Screenshot - 6_12_2012 , 10_07_51 PM
Then include a reference to the variable in a Deploy-Once script. When you deploy locally it will output the Default value, however when you deploy via Octopus the value will be substituted with the deployment package version:

Screenshot - 6_12_2012 , 10_25_19 PM

To get a full list of built-in variables, check out the Octopus Variables documentation.

Mapping isn’t just limited to built-in Octopus variables; simply add your variables to your ReadyRoll project to map your custom variables as well.

Screenshot - 6_12_2012 , 10_58_32 PM

Note: If you’re already deploying your database projects using Octopus, please note there is a code-breaking change in this release: previously, the $(DatabaseName) SQLCMD variable would to hardcoded to the name specified in your ReadyRoll project. From ReadyRoll 1.4 onwards, you will need to provide a value for the database name within the Octopus project variables.


Multi-database Support

As ReadyRoll projects are based within the Visual Studio IDE, you’ve always had the ability to develop and deploy multiple databases. However up until now, it has been difficult to manage the deployment of databases with interdependent object references. For example, say you have two projects: DatabaseA and DatabaseB. If DatabaseB contained a script that referred to an object within DatabaseA, you would first need to build and deploy DatabaseA before you could even build DatabaseB. This is because of the way that ReadyRoll uses a separate copy of your database called the Shadow that ensures your project scripts are parsed & validated before deploying to your Sandbox database. This process is called gated deployment, and it requires that all database references be dynamic (which is why you need to use the $(DatabaseName) variable whenever you reference your  database).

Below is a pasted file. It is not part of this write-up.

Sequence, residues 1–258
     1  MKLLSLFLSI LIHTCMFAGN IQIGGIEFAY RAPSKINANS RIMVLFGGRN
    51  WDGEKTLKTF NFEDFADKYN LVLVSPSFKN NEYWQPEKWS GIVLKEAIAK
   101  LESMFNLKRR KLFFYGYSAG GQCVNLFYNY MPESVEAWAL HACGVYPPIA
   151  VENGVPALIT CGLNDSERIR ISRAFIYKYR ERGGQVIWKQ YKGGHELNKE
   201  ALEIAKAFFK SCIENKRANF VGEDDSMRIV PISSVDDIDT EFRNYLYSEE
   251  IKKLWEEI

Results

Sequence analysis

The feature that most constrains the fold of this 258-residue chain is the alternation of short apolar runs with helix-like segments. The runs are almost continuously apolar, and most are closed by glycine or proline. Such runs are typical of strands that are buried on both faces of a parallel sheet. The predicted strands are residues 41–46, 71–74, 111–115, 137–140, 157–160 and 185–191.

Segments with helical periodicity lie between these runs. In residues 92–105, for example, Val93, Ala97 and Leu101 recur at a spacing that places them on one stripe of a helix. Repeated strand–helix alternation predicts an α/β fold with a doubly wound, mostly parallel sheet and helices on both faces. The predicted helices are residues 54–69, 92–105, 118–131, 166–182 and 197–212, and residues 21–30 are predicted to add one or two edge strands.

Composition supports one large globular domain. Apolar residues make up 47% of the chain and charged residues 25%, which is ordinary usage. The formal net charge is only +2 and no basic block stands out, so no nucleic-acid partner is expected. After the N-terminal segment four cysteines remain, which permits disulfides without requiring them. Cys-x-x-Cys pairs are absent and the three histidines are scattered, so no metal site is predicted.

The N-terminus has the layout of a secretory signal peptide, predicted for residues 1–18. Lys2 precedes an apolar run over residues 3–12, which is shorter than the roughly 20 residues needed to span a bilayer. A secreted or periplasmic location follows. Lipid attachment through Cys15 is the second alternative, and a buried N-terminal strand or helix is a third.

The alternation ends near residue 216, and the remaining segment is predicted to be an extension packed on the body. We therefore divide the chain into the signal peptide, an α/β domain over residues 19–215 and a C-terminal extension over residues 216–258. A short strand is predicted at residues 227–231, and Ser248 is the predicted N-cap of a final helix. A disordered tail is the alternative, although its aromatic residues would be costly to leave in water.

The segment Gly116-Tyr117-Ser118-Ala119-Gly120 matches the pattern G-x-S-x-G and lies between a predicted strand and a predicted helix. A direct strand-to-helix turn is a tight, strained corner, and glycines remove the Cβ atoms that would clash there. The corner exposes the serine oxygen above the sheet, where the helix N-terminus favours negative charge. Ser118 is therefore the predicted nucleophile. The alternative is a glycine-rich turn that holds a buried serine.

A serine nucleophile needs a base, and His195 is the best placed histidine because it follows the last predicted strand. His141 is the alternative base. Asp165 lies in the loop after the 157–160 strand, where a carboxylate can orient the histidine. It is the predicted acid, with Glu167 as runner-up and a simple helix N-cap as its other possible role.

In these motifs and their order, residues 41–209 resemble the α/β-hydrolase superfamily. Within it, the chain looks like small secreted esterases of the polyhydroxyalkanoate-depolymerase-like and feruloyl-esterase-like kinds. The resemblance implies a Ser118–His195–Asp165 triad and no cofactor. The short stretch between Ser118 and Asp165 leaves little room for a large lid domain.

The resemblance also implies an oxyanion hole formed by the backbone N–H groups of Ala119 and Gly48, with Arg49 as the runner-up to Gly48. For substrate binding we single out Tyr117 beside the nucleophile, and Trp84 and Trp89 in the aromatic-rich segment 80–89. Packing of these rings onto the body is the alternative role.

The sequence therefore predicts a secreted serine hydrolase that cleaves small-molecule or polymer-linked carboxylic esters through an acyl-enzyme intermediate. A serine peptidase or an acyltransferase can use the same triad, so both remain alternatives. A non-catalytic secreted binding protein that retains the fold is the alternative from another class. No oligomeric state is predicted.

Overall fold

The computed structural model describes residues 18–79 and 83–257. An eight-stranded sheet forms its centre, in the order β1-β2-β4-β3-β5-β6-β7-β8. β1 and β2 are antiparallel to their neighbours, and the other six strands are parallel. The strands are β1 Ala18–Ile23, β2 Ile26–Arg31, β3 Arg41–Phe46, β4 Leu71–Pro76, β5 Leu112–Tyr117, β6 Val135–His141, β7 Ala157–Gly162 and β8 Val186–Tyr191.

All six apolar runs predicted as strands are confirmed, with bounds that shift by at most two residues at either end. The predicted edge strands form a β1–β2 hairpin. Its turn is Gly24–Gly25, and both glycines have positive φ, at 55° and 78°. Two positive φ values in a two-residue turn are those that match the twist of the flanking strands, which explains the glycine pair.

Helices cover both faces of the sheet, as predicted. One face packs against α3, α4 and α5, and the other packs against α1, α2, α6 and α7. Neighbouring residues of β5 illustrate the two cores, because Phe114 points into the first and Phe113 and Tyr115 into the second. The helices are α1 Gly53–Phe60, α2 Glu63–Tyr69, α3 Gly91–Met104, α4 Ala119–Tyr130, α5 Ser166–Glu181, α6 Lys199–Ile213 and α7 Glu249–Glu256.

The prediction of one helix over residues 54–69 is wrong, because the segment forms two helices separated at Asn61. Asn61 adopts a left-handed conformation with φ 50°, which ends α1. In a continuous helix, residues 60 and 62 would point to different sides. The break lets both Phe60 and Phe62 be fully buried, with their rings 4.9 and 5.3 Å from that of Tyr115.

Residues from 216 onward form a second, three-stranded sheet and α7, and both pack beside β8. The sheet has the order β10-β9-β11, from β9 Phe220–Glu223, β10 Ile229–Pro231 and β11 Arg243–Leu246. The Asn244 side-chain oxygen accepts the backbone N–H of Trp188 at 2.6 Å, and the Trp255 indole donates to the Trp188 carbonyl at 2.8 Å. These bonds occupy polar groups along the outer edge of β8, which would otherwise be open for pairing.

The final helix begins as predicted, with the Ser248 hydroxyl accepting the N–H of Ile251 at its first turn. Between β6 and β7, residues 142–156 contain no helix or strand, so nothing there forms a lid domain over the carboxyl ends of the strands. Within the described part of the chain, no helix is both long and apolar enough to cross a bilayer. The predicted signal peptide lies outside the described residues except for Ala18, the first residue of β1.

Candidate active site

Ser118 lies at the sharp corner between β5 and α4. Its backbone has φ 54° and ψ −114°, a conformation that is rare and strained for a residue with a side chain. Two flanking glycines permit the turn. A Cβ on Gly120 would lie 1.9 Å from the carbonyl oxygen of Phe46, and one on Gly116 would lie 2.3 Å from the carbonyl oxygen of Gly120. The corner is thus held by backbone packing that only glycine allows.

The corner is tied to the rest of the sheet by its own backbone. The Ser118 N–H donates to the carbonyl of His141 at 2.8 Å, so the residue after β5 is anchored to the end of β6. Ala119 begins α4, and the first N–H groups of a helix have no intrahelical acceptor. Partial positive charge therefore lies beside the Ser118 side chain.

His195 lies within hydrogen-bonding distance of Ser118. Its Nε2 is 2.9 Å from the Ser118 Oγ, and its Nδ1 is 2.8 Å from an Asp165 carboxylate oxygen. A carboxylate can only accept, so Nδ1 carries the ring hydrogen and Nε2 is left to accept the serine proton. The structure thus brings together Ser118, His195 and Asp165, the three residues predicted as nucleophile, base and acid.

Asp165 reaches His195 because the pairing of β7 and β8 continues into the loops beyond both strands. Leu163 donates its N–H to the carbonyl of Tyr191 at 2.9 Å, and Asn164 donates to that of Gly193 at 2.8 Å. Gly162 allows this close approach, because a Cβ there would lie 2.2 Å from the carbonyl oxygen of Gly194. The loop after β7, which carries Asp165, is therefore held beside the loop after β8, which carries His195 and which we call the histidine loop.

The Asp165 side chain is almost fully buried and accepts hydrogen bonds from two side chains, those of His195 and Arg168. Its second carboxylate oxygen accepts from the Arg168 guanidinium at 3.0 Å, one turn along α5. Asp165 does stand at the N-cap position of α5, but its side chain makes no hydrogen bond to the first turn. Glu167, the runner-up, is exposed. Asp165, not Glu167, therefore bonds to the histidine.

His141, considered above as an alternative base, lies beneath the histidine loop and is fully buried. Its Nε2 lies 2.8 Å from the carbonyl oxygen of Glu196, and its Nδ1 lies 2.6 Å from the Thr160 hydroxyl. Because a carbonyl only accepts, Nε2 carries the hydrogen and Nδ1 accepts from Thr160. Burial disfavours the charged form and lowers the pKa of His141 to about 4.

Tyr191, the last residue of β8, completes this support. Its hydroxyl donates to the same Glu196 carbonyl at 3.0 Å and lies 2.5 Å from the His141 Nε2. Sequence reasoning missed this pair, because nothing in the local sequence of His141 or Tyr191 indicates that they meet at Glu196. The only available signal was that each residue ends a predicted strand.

To make it easier to work with interdependent databases, ReadyRoll 1.4 introduces the ability to create dynamic database references within your projects.

Start by adding a Database Reference to your project (from the Solution Explorer context menu).

Screenshot - 6_12_2012 , 10_38_55 PM

Don’t worry about the Database name field; this will be automatically substituted at build time.

To refer to an object within the database, you can then use a three-part object name within a Deploy-Once script using — you guessed it — a SQLCMD variable:

Screenshot - 6_12_2012 , 10_46_19 PM

When deploying outside Visual Studio, just make sure you specify a variable/value pair for each of the database names that are referenced from your project.


Object Exclusion Rules

For a variety of reasons, sometimes it’s necessary to exclude certain objects from your database projects: maybe some objects are needed only in Production (such as log tables or reporting objects) or perhaps their deployment is managed by a completely separate deployment mechanism (like in a CRM system). This can be a problem when using the ReadyRoll DBSync tool, which will eagerly import any new objects from the source database that are added to your schemas.

To make it easier to prevent these types of objects from appearing in your project altogether, ReadyRoll 1.4 introduces regex-based exclude rules to the project system. For example, say you wanted to exclude the [reporting].[log] table object from the database. To do so, just add the following to the top of your .sqlproj file:


If you’d like to exclude all Tables & Stored Procedures in a particular Schema (along with the Schema itself) from your project, try this:


Don’t worry… we won’t be offended if you add lots of exclude rules to your project! Thanks to @DataChomp for the idea.


Download Now

Head to the ReadyRoll website to grab Version 1.4 now!